Luminescence solar collectors (LSCs) or concentrators were first introduced in the late 1970s (see, for example ref. 16-20). Following intense research activity in the 1980s, the area has received renewed interest in the past decade or so due to the availability of new materials and the advent of photonics, leading to more optimistic theoretical predictions.48’49
Figure 9.9 (a) Chemical structure of donor (DiO) and acceptor (Dil) carbocyanine
dyes used for (b) energy transfer between dye monolayers. (c) Fluorescence decay curves for the DiO in the absence and presence of the acceptor dye (DiI) showing the significant shortening of the decay curve. The decay curve has been fitted with a multi-exponential and the energy transfer was calculated to be 80%. The excitation wavelength was 440 nm.
A fluorescent solar collector usually consists of a flat plate, doped with a luminescent species, which absorbs the incident sunlight (direct or diffuse). A large fraction of the emitted light is then trapped within the collector by total internal reflection (TIR) and is directed to a solar cell at the edge of the collector where the remained edges of the collector can be covered by mirrors. A schematic of the operation of the luminescent solar collector is shown in Figure 9.11.
An increase in the photon flux reaching the solar cell is achieved by virtue of the large area difference between the front face of the collector and the edge area covered by solar cells. The ultimate aim is to produce a sizeable concentration gain ratio Aent to Aexit, where Aent and Aexit are the areas of the top and edge surfaces, respectively (Figure 9.12).
Figure 9.10 (a) Schematic overview of an artificial photonic antenna system. The
image on the left shows the chromophores being embedded in the channels of the host material (zeolite). The dyes act as donor molecules that absorb the incoming light and transport the electronic excitation energy via resonance energy transfer to the acceptors shown at the ends of the channels on the right. The process can be analysed by measuring the emission of the acceptors and comparing it with that of the donors. The double arrows indicate the orientation of the electronic transition dipole moment (ETDM). The image on the right shows a bunch of such strictly parallel channels: a schematic view of some channels in a hexagonal zeolite crystal with cylindrical morphology. Reproduced from ref. 10 with permission from the European Society for Photobiology, the European Photochemistry Association, and the Royal Society of Chemistry. (b) Schematic of brickstone arrangement of dyes to form an aggregate. Reproduced with permission from ref. 45.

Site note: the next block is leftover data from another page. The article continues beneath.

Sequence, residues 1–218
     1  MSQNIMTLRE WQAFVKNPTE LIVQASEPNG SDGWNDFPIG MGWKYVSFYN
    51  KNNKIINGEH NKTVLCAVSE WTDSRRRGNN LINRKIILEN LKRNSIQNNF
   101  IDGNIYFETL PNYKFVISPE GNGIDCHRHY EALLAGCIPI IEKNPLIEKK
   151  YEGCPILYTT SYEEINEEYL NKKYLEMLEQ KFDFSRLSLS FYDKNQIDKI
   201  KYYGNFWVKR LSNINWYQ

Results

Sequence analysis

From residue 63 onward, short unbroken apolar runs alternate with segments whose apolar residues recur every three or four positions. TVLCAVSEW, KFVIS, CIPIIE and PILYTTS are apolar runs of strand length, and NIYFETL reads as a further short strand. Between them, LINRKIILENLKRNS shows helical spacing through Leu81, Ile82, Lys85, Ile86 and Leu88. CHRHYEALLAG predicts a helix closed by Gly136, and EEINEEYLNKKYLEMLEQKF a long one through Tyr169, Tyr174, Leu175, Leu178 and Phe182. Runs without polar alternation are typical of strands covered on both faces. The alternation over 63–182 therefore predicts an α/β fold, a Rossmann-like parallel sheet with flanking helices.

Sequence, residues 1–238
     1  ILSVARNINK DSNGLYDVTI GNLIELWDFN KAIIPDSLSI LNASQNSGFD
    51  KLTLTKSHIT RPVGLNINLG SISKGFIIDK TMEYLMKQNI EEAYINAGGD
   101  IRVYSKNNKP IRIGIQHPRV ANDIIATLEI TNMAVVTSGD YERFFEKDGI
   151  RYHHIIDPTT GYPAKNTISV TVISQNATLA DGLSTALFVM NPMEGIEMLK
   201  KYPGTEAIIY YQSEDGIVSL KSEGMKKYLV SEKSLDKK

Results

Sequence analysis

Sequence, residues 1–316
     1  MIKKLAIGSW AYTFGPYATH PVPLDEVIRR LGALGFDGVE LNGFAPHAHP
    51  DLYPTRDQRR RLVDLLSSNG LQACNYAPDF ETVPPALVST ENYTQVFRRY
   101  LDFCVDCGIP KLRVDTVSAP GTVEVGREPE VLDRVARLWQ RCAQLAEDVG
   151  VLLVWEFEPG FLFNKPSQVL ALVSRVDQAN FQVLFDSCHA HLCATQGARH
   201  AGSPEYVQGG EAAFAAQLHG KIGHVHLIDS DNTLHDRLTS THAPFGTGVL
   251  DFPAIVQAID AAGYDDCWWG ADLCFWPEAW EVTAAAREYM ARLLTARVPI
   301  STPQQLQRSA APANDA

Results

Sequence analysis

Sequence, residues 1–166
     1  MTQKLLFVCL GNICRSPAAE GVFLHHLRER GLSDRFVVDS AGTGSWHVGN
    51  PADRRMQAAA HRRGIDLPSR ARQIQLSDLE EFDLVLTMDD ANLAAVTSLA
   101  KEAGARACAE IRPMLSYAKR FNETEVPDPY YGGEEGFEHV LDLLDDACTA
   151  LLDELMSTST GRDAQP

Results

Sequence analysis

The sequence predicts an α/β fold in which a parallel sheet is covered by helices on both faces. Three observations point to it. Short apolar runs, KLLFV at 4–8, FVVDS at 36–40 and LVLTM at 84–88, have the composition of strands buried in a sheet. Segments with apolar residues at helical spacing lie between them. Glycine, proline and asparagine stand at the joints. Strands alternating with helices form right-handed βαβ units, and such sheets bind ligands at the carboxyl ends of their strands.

Figure 9.11 (a) Schematic diagram of fluorescent collector, A and B. llustrate the
path length of rays emitted with an angle в # ec and в > ec respectively. Reprinted with permission from ref. 28, Copyright © Swiss Chemical Society: CHIMIA. (b) Perspective view of
a fluorescent solar collector. Reprinted with permission from ref. 24, Copyright 2009, AIP Publishing LLC.
Figure 9.12 Schematic diagram of a generic fluorescent collector defining the areas Aent and Aexit. Reprinted with permission from ref. 49, Copyright 2006, AIP Publishing LLC.
The collector may be composed of a transparent matrix such as PMMA,50 glass51 or liquid27 which is doped with a mixture of dyes,35 quantum dots52 or rare earth ions.53 The choice of the luminescent species can be modified to suit the bandgap of the solar cell. For efficient operation, the collector has to absorb a substantial part of the incident light and this usually necessitates the use of several different dyes. Efficient absorption, however, implies losses through re-absorption of the emitted light and a careful understanding of the re-absorption losses in the collector is therefore paramount.44